A Petersburg chemical plant plans to close by the end of 2014, laying off 240 employees. Boehringer Ingelheim Chemicals Inc. said Thursday that it will begin to phase out operations starting in December 2013. The Petersburg facility that has been in operation since the late 1970s manufactures active ingredients for the pharmaceutical industry.
Apple Inc.'s shares surged passed the $500 threshold — their highest level since January. The gains came a day after activist investor Carl Icahn said he thinks the iPhone maker should do more to revive its stock price. The outspoken billionaire said in Twitter posts Tuesday that he had acquired an unspecified stake in Apple and had spoken to its CEO about boosting share repurchase plans.
Why is it that the most important, most powerful, most effective methods, tools, or practices are also the most difficult? Answering that question might be a challenge to keep the philosophy professors busy for a good, long time. For now, accept your grandfather’s axiom that what is worth doing, is worth taking our time to do.
Authorities in south Georgia say at least three people have been injured in a chemical explosion that rocked an industrial complex. Valdosta fire officials say more than 40 firefighters responded to the blaze at the Gil Harbin Industrial Park Wednesday afternoon with help from Lowndes County sheriff's officials, Moody Air Force Base, the Georgia State Patrol and the FBI.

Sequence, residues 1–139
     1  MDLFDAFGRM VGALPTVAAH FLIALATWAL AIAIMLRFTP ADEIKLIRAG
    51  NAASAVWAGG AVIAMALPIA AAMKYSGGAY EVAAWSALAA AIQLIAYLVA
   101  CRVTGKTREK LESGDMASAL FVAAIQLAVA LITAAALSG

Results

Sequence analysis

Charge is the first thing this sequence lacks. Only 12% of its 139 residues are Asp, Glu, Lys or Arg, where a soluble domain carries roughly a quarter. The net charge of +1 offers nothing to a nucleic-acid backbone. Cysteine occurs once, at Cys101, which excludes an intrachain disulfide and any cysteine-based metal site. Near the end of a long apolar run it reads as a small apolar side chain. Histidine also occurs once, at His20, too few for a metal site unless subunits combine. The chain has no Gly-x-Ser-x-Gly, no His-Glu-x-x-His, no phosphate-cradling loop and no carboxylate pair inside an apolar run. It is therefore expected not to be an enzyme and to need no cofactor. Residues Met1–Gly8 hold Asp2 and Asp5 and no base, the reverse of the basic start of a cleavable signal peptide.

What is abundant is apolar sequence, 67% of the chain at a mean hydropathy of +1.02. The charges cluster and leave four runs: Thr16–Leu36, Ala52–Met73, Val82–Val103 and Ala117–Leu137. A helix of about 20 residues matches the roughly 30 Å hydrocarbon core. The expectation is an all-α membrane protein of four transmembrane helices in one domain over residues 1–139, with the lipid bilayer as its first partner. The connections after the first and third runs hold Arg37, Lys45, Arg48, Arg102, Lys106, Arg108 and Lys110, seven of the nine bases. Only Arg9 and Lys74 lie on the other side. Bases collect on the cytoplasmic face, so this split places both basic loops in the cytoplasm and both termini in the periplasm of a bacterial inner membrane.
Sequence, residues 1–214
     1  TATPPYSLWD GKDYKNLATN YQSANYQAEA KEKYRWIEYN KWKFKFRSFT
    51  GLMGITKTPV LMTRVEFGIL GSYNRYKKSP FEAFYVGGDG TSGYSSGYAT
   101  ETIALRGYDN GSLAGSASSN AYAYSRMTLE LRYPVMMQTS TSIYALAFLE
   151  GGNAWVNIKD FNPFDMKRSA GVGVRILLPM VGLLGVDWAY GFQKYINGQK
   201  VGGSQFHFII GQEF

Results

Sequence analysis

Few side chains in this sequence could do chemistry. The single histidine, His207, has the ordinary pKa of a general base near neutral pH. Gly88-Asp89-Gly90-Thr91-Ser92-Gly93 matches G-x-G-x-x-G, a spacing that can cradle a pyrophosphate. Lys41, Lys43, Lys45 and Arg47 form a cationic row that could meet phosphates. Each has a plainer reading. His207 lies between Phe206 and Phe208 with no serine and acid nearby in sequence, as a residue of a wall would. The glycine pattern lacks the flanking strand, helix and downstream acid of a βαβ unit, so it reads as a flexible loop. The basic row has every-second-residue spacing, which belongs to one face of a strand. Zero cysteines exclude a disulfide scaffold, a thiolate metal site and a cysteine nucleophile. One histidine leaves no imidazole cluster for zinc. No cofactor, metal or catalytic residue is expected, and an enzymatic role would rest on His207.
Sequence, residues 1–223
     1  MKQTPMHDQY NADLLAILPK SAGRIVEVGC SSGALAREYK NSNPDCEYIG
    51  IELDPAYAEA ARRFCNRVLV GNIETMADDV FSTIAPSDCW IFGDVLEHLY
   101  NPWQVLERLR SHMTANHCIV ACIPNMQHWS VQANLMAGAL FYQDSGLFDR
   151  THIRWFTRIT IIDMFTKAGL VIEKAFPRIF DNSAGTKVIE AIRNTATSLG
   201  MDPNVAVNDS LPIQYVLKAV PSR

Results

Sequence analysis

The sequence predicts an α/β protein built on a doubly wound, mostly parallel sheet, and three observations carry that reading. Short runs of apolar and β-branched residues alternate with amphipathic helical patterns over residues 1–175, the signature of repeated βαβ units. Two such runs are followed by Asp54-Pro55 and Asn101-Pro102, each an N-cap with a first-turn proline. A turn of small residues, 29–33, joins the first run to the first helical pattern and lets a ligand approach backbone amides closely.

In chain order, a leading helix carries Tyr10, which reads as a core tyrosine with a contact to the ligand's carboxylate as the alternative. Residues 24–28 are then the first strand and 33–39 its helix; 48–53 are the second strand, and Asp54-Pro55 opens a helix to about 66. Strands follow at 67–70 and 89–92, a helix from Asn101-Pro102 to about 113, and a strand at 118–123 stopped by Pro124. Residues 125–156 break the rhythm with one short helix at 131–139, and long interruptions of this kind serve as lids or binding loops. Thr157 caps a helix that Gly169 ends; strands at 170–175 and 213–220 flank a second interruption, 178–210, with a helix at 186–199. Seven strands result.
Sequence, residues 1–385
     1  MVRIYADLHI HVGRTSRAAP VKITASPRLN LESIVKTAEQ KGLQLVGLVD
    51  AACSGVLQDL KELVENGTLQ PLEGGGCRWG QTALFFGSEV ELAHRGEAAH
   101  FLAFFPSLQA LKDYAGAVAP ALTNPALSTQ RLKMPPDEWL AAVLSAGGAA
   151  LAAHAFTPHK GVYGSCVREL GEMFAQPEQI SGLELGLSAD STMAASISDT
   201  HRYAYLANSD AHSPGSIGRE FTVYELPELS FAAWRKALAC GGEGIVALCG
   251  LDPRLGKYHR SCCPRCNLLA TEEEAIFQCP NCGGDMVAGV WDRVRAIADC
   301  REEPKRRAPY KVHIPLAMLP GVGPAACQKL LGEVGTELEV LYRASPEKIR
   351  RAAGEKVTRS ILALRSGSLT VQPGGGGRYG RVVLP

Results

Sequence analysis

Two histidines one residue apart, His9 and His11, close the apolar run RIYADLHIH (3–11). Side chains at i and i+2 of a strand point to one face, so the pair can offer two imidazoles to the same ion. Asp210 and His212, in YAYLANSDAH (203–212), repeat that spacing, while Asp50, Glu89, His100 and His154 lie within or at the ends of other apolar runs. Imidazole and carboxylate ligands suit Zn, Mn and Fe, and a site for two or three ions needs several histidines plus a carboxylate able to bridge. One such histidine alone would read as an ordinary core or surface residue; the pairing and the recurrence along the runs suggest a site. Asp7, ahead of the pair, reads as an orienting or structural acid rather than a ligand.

Officials at northern Indiana's AM General factory are hopeful about its chances for being picked to build potentially thousands of new military tactical vehicles. The company said it delivered 22 vehicles eight days early for testing in the latest round of the Joint Light Tactical Vehicle program for the Army and Marine Corps.
Cisco's earnings and revenue grew in the latest quarter as demand for its computer networking equipment increased. But CEO John Chambers called the global economy "challenging and inconsistent" and the company said it is cutting about 4,000 jobs, or about 5 percent of its work force.
Manufacturing company Leggett & Platt is planning a $5 million expansion for its facility in southwestern Missouri. Gov. Jay Nixon announced Wednesday that Leggett & Platt would be adding 28,000 square feet and an expected 12 jobs to its Flex-O-Lators facility in Carthage. The plant makes automotive seating components.
A seafood company plans to open a $41 million plant that processes frozen fish in west Georgia. Seattle-based Trident Seafoods plans to expand and move into a Carroll County facility once operated by Chiquita. The expanded plant will cover 147,000 square feet.
Indiana Supreme Court Justice Mark Massa said Wednesday he won't withdraw from a case involving a proposed $2.8 billion coal-gasification plant, rejecting arguments that his longtime friendship with a representative of the plant's developers would leave him unable to be impartial in that case.
7.45 million pre-orders and 100,000 sold out in 90 seconds – China's new and popular low-cost smartphone went on sale this week. China's Xiaomi has sparked a frenzy with a low-cost smartphone that may help the tech firm widen its lead over Apple in the local market, but CEO Lei Jun says it has very different ambitions.